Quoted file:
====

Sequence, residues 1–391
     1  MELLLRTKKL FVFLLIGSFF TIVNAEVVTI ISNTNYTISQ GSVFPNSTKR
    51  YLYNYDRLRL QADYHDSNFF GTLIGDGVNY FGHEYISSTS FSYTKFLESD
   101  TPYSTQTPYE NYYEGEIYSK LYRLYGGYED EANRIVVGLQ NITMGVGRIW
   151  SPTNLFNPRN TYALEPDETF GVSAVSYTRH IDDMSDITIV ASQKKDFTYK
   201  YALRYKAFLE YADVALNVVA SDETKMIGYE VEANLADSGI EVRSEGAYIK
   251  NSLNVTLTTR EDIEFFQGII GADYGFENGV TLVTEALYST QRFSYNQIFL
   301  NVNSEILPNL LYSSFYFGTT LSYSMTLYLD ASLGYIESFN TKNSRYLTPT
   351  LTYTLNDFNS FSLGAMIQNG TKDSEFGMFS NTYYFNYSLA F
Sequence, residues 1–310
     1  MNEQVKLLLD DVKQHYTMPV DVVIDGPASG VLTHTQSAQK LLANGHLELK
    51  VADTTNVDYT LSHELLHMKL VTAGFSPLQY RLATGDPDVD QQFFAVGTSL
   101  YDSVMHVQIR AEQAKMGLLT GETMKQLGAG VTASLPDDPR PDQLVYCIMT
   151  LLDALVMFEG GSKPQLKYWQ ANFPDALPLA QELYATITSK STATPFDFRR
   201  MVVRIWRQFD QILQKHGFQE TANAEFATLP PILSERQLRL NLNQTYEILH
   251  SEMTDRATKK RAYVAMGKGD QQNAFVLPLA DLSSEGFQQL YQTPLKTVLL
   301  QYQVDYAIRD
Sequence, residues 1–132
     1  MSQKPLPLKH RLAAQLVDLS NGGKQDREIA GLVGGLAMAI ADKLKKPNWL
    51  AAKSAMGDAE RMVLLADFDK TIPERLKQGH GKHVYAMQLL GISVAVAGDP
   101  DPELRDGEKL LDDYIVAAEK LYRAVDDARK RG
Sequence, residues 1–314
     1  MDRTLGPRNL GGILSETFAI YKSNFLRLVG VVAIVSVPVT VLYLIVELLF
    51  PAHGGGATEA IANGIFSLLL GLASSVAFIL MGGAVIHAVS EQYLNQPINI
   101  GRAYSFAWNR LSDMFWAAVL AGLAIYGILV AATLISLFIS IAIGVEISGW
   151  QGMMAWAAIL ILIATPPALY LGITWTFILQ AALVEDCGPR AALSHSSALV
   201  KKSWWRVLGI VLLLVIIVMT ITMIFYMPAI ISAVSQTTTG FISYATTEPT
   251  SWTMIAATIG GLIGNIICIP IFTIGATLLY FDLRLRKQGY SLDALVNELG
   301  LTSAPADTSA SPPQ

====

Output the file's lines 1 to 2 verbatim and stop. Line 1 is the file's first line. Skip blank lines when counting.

Sequence, residues 1–391
     1  MELLLRTKKL FVFLLIGSFF TIVNAEVVTI ISNTNYTISQ GSVFPNSTKR